Pope to Comedians: Help Dream a Better World

Pope Francis meets with more than 100 comedians from all over the world to inspire people and help them see reality in all its contradictions.

By Christopher Wells

Comedians are one of the most loved and appreciated forms of entertainment, Pope Francis said Friday morning, because they “have and cultivate the gift of making people laugh.”

With so much “dark news”, in the midst of public and personal crises, comedians are able to spread “peace and smiles” and are among the few who can speak to “very different, different generations and different cultures”. backgrounds.”

Precisely because “laughter is contagious,” it can “break down social barriers and create connections,” the Pope said, noting that comedians remind us that “playfulness and laughter are central to human life.”

A priceless gift

Pope Francis told comedians that they have a precious gift that can “spread peace in hearts and among people, help overcome difficulties and cope with daily stress”.

The Holy Father highlighted another “miracle” of comedians, their ability to make people laugh even when dealing with serious issues. “You condemn the excesses of power, give voice to forgotten situations, highlight abuses, point out inappropriate behavior … but without spreading alarm and fear, anxiety or fear,” he told them.

Making God laugh

Taking a strange twist, Pope Francis pointed out that in creation, “divine wisdom practiced your art for the benefit of God, the first observer of history, and no one else.”

“Remember this,” he told the comedians. “When you bring a wise smile to the lips of a spectator, you make God smile too.”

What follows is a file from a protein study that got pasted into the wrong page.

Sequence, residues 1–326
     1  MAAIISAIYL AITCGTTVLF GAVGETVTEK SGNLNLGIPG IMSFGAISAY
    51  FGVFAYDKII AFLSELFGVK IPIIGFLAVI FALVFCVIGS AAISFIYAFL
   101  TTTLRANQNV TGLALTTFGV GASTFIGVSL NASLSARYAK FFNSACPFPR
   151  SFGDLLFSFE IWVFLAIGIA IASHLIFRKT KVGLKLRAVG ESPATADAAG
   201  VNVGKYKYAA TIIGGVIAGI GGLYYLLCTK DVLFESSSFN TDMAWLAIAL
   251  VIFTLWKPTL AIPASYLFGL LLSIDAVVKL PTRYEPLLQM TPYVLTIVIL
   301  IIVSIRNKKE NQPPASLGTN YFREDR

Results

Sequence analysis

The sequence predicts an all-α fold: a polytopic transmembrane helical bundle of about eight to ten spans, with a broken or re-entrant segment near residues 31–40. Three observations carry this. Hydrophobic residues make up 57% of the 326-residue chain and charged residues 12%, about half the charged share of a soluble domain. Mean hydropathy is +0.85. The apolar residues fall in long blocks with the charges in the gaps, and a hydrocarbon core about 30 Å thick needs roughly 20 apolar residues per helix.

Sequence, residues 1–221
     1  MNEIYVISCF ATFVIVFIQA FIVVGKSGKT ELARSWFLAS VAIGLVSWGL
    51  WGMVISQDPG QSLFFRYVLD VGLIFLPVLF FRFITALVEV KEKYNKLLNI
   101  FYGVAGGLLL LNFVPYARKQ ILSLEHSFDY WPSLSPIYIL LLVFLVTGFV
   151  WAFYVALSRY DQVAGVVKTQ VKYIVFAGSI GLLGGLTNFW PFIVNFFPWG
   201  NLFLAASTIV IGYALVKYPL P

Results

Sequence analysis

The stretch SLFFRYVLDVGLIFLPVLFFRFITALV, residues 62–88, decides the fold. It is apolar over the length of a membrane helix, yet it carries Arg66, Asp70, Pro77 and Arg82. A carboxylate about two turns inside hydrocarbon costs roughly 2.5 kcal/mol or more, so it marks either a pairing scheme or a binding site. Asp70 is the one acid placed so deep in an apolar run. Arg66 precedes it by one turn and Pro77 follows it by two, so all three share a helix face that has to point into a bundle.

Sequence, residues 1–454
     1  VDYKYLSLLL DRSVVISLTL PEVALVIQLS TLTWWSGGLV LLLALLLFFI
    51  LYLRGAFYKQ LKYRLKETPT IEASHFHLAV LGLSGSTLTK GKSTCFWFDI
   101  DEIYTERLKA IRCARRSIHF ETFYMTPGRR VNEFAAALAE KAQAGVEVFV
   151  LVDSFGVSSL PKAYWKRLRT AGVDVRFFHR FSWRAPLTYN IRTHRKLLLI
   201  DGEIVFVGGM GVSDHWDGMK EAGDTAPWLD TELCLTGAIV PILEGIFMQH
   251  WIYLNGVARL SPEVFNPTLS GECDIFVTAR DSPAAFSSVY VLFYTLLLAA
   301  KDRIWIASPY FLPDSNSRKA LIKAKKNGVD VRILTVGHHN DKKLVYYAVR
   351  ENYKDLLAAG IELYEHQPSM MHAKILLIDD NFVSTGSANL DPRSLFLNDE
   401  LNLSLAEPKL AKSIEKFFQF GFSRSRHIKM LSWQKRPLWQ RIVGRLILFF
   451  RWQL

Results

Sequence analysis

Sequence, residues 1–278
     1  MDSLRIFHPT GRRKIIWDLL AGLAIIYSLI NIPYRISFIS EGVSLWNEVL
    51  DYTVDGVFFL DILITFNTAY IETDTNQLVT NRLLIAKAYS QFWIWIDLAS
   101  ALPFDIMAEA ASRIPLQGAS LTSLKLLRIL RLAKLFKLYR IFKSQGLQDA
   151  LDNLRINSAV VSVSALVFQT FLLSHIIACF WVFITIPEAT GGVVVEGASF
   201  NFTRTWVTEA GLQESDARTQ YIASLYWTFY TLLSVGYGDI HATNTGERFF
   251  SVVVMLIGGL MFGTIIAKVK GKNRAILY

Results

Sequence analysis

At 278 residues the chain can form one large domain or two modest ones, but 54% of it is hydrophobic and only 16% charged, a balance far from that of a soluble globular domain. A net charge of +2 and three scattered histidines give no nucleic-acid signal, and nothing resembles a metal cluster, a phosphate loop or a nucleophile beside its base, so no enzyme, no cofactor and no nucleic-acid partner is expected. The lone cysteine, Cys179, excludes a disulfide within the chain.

No one is ‘against’

He emphasized that thinking and speaking with a sense of humor can help us understand and make sense of human nature. Humor, the pope said, “doesn’t hurt, doesn’t humiliate, doesn’t ‘nail’ people for their mistakes.” Unlike other forms of communication, humor is “never ‘against’ anyone, but always inclusive and proactive, and inspires openness, sympathy and empathy.

Indeed, the Pope said, “We can laugh at God just as we play and joke with our loved ones.” But this should be done without hurting the religious sentiments of the faithful, especially the poor, he said.

Dreaming of a better world

Pope Francis concluded his address by blessing the attendees and their art. “Keep encouraging people, especially when it’s hard to look at life with optimism,” he said. “With a smile, help us see reality with its contradictions and dream of a better world!”

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